Hiking through the lower forests.

We reached the Laban Rata guesthouse in the early afternoon.  Given the slow pace we had taken, it struck me that there isn’t much reason to hike Kinabalu across two days.  Indeed at Laban Rata we met a British hiker who decided to head for the summit that afternoon rather than wait until morning, and did so with daylight still remaining when he returned.  Laban Rata is a well stocked hotel, and meals were included with the room booking.


Laban Rata.


View of the upper mountain from Laban Rata.

After dinner the clouds began to rise, and we were treated to a fantastic light show as the sun set.


Sunset from Laban Rata.


Sunset from Laban Rata.


Sunset from Laban Rata


Sunset from Laban Rata.

Overnight it rained heavily.  We woke up at around 1 a.m. and ate breakfast, ready to get started.  The rain stopped, and we began hiking alongside the crowd at 2:30 a.m.  Above Laban Rata the trail first follows stairs and a dirt path, and later begins to ascend over bare rock.  Kinabalu’s rock is wonderful granite, grippy and textured.  Fixed ropes were in place along steeper sections, but with my trekking poles for support they weren’t really needed.  The steepest section involved a little bit of easy scrambling, and above it we reached the checkpoint hut below the mountain’s enormous plateau.  From here the going was easy, following a guideline across mostly level rock towards the plateau’s highpoint.  Reaching the summit before the sun, I joined the crowd of other hikers waiting for the sunrise.


The signpost on Kinabalu’s summit.

The sunrise was far less impressive than the vast sea of clouds which obscured it.  Low’s Gully was impressively deep, stretching out beyond the edge of the summit plateau.


Sunrise from the summit.


Low’s Gully, from Kinabalu summit.


Looking down the guideline which stretches across the summit plateau.


The summit plateau.


The summit plateau.

The way down from the top was a lot more enjoyable than the ascent, and I jogging downwards across the grippy rock.  Returning to Laban Rata for a second breakfast, we took a nap before making the long walk back down to the trailhead and park entrance.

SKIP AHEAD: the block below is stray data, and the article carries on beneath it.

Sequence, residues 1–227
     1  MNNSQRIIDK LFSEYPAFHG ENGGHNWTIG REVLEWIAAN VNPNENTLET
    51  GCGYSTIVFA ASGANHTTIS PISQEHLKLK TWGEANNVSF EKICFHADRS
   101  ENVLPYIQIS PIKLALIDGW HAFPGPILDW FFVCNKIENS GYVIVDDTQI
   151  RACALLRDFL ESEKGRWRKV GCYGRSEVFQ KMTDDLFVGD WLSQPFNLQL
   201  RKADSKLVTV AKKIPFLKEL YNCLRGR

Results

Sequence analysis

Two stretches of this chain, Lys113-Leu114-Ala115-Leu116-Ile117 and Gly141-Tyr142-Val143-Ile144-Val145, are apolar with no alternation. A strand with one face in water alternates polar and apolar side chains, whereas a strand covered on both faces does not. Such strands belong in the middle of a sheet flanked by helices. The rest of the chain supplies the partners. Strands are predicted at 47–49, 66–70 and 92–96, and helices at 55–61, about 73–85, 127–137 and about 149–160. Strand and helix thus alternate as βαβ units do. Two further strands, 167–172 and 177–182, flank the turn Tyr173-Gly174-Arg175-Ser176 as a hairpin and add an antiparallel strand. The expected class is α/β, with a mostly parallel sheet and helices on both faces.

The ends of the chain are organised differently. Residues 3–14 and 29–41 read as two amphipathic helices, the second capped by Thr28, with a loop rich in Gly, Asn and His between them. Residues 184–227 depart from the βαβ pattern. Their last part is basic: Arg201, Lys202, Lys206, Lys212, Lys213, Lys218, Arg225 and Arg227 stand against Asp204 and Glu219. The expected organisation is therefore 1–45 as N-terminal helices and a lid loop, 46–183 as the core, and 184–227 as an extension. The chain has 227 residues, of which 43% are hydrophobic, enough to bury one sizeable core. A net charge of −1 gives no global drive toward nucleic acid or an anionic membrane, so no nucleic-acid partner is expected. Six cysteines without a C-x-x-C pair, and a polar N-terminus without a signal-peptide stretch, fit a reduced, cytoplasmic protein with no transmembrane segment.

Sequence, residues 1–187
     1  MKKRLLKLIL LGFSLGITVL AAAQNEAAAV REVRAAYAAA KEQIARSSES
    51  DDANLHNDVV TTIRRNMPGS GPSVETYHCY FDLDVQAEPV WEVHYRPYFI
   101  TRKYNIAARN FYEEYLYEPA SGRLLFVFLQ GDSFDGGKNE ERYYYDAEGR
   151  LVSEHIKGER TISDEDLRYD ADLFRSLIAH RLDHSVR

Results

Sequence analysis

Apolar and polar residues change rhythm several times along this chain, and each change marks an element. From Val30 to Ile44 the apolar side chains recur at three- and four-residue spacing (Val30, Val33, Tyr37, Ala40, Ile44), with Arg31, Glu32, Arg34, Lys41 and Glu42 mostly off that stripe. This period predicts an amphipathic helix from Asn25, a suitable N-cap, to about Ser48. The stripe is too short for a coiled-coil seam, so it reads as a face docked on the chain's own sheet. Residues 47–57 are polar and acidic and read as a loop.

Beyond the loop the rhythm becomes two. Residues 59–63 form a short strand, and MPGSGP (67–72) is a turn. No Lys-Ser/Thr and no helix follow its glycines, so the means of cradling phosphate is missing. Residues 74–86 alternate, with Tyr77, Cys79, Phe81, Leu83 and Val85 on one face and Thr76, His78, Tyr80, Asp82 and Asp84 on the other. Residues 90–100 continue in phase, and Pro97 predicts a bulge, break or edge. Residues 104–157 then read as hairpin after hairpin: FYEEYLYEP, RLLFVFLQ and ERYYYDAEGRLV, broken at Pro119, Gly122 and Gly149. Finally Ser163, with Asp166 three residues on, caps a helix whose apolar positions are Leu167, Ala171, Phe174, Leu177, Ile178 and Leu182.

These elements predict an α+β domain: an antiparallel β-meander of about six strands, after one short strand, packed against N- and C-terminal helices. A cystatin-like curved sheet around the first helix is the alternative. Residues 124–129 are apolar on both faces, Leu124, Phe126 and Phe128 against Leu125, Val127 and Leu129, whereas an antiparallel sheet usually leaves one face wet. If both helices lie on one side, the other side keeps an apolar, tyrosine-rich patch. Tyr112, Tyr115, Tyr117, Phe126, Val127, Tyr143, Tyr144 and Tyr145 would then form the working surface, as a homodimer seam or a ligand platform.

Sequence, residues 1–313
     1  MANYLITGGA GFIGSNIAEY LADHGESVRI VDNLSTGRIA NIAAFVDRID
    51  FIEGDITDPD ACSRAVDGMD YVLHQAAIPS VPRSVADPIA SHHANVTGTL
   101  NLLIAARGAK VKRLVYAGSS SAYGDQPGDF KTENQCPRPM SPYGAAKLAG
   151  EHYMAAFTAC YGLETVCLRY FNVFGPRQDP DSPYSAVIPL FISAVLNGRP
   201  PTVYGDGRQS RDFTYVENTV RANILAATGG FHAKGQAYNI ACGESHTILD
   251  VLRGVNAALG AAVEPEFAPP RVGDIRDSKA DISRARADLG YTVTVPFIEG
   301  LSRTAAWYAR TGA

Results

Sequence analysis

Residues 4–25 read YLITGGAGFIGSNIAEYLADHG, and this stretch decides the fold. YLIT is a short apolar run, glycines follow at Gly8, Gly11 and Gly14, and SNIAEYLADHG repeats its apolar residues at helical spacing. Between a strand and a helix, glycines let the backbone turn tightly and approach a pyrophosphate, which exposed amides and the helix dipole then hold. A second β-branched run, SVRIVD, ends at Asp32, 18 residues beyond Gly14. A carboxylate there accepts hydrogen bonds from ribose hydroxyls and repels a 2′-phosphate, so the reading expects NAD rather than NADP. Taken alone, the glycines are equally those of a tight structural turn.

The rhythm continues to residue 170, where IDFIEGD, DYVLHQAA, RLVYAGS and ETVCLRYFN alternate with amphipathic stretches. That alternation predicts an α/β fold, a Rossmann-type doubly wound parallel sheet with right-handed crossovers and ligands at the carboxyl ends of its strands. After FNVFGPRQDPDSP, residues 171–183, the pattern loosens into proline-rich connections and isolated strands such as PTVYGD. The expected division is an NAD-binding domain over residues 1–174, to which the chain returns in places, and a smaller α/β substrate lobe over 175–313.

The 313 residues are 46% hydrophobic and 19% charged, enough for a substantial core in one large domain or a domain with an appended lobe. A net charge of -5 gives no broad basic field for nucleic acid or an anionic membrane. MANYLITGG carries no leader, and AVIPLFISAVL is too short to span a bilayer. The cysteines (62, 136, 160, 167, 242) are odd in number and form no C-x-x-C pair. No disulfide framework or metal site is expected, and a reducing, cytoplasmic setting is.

Kinabalu was a very straightforward hike across easy terrain.  The low altitude of the mountain doesn’t pose significant difficulty, and the extensive infrastructure in place on and around the mountain makes the hike very accessible.  The cost to hire a guide, book a room in Laban Rata, and cover meals was relatively a lot more expensive than ‘free’ mountains elsewhere which still offer equally interesting terrain.  The hike is not particularly challenging.

Despite all of this the upper mountain does offer some impressive and beautiful rock, and the cloud formations we encountered were quite lovely.  Living close to Malaysia and already visiting for tourism, hiking Kinabalu was particularly accessible for me and worth the two day time commitment.  I wouldn’t recommend travelling specifically for Kinabalu, but a hike as part of a grander travel itinerary makes sense provided that the price of access isn’t too off-putting.  From some perspectives it might be a better idea to save the money and put it towards a trip to South America or China instead!

We booked our hike through Sutera Sanctuary Lodges, the company which directly manages the park’s restaurants, dorms, and Laban Rata resthouse.  In planning our trip their rate was the least expensive I could find, likely because they are the direct service provider which other companies book through.  Their website is and while the site has no mention of Kinabalu they can be contacted about bookings via email.

Camel Peak West – 骆驼峰西峰 – February 2016 (English)


Camel Peak, the west summit to the left.

Camel Peak and Area

5484m Camel Peak, or Luotuo Feng (骆驼峰), stands nearby China’s famous four sisters mountains, the Siguniang Shan (四姑娘山). Camel Peak is named for its resemblance to a camel’s back, with twin summits and a high saddle supporting a beautiful glacier. The Siguniang Shan, which means ‘four sisters mountains / four girls mountains’ are likewise named due to their appearance, as the four peaks stand together in a line, highest to lowest. According to locals the four distinct peaks of the Siguniang Shan are family: four sisters of which the youngest and most beautiful, the Yaomei Feng (幺妹峰), is also the tallest. The remaining three sisters are named San Feng (三峰), Er Feng (二峰), and Da Feng (大峰), with San Feng being the second highest and Da Feng the lowest. Part of the Qionglai Shan (邛崃山) range in northern Sichuan, Camel Peak, the Siguniang Shan, and surrounding mountains lie within Siguniang Shan National Park, one of the province’s giant panda sanctuaries and a World Heritage Site. Camel Peak is a part of the ridgeline at the northern end of the Changping Valley (长坪沟), one of three major valleys within the park.